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December 22nd 2014 - Written by: Kelsy

Mt. Fuji Skiing with Osprey Athletes Mike & Andy Traslin

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Fresh off the plane and on our way through customs, we stopped and stared at a poster of Mt Fuji. We were still wearing the Variant 37 ski mountaineering packs we’d crammed into the overhead compartments to avoid extra baggage fees. The stewardess first thought we were participants in “The Amazing Race,” but now with Mt Fuji in front of us, the method to our madness was being revealed. Nevertheless, her comments boosted my motivation for what lay ahead.

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We spent the next tens days climbing and skiing in Hakuba, Kita Alps and surrounding areas. Then we set our sights on Fuji. One evening, I asked the owner of the pension Mr. Maruyama about climbing Mt. Fuji, and his eyes immediately lit up. He grabbed his homemade green tea, some paper and pens, and crafted a hand written map of Mt. Fuji. He spoke few English words, and used his  daughter for translations where needed. He had fond memories of driving to and from Hakuba and Mt Fuji to climb it in a day. “Fuji Attack! Fuji-san Attack! Attack!” I thought I was getting ready for a hockey game, further boosting our motivation. He even lent us his special edition Mt. Fuji mountain bikes. We managed to sneak in a training ride on the local singletrack trails.
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The bus system in the area is efficient when you know what to ask for. We hopped on the bus to Shinjinku en route to Fuji, where we hit a logistics roadblock when we were told ‘no bus to Fuji or climbing’. After scrambling around Shinjinku for alternatives, my brother asked the same people the same questions and sure enough – there was a bus to Fuji that evening. Oh, traveling and language barriers.When got where we needed to be, found a hostel, and lined up a 10am departure for Fuji… just to add to the challenge.

Mt Fuji is known as the most visited mountain in the world, with some 300,000 climbers and hikers each year. We met plenty along the way. The Germans were skeptical about our summit bid, and I wasn’t giving us very good odds either with a late start and clouds hovering on the mountain.

The backpackers blasted off the bus with their running shoes and cotton t-shirts, while we stood with our gear perfectly prepped for departure at the back door. The jammed back door. Waiting for each and every hiker to unload through the front. Not your usual start to a mountain wilderness experience.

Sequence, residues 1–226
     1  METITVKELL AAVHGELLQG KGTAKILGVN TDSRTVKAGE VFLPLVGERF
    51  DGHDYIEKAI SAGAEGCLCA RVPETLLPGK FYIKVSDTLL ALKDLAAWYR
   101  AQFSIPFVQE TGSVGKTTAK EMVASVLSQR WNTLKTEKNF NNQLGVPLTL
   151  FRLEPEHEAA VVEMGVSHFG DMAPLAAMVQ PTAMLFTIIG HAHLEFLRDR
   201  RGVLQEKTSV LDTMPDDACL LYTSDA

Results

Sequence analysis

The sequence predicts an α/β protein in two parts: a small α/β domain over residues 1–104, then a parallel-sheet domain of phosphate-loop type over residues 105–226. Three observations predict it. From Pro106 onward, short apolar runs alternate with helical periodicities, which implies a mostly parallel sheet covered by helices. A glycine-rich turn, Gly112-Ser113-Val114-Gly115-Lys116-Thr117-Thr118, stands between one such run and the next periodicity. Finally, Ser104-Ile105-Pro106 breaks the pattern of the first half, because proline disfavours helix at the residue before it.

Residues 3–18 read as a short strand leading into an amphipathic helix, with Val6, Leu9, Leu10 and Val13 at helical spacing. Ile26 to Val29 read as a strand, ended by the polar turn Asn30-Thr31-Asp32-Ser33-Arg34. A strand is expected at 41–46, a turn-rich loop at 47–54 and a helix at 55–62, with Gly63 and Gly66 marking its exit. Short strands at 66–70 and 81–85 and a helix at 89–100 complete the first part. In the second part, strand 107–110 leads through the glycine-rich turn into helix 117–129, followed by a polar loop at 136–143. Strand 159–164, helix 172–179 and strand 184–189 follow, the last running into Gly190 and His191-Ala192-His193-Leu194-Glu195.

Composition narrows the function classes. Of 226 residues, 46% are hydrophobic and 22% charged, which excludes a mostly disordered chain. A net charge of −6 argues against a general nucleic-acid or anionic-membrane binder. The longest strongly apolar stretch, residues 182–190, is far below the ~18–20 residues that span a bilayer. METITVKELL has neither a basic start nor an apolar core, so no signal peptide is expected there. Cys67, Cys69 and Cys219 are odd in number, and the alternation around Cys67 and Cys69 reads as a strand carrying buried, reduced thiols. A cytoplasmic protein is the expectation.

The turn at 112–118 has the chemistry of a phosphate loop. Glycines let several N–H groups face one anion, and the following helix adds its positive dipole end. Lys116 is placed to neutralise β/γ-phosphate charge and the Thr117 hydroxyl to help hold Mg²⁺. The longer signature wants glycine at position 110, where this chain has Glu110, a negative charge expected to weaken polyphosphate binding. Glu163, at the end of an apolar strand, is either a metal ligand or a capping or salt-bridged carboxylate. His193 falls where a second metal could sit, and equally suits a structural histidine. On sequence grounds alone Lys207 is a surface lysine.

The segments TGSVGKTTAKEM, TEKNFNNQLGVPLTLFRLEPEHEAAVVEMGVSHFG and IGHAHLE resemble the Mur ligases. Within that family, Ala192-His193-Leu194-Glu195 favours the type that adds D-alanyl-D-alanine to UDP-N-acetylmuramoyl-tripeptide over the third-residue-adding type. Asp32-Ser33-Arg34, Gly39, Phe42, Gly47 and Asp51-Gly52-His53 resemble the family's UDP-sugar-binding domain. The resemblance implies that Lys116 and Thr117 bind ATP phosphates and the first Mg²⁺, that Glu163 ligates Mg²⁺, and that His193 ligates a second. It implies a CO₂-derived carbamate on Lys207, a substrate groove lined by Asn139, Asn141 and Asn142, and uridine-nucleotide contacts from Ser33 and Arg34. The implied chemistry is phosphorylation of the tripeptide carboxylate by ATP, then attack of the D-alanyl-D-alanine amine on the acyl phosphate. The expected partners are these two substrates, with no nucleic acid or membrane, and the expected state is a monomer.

We got on the move, and traversed to a sign that detailed a complete ’14 step how-to guide to the summit’. Good to see we were on the right side of the mountain and off to a good start.

 

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Once we hit snowline it was go time and we could safely abandon the signed route and do things the old-fashioned way. Up, up and away, past the T-shirt and running shoe crews.

As I was cresting the crater, a couple of Japanese climbers looked at me from above. No crampons, eh! A couple sporty front point ice moves with no gloves did the trick.

 

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But the true summit was the highest point of the crest, not where we were standing. After some debate with the Japanese about traveling by rock or snow, we of course chose snow. We’re from the Coast after all, and snow travel is always faster. So we wished luck to the rock walkers and sprint skinned to the summit to avoid the impending whiteout.

 

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We’d bagged the summit, but the Amazing Race was far from over. We had a plane to catch. We dropped off the summit and skied epic corn on the 40 degree SE Face, one eye on the snow, one eye on the watch.

 

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Story: Andy Traslin

 

 

 

 


May 10th 2012 - Written by: Kelsy

Explorers with a Mission: Adventurers and Scientists for Conservation

As climbers, mountaineers, skiers, hikers, paddlers and cyclists, we spend our days searching for the path less traveled. The enticement of exploration and adventure is what drives us to seek out secluded peaks and uncharted trails. For the most part, we seek this adventure to quench our own thirst, but what if we could do more? What if we could do our part to protect the places and wildlife that we search for?

Adventurers and Scientists for Conservation is helping us bridge that gap.

In the wake of a changing climate and a rapidly expanding human population, it is imperative that the choices we make are based on relevant scientific information. We know that the collection of data can be expensive, time consuming and physically challenging.

Adventure athletes constantly travel to areas of great need. These ambassadors of the outdoors often want to do more for the areas they travel in, but simply have not acquired the skills to do so. Throughout the last several months, we have been organizing an army of adventure athletes turned citizen-scientists who are now collecting scientific data on all seven continents.

The time is now to harness the unique abilities of people who are already going to difficult to reach areas. There are thousands of people in remote areas every day who are ready, willing, and able to help protect our planet’s most vital resources; they simply need the tools to do so.

If you’d like to learn more about how to help, visit adventureandscience.org. For a limited time, we’re giving away Talon 11 packs to those who donate $150 or more to the cause. Support the cause today!

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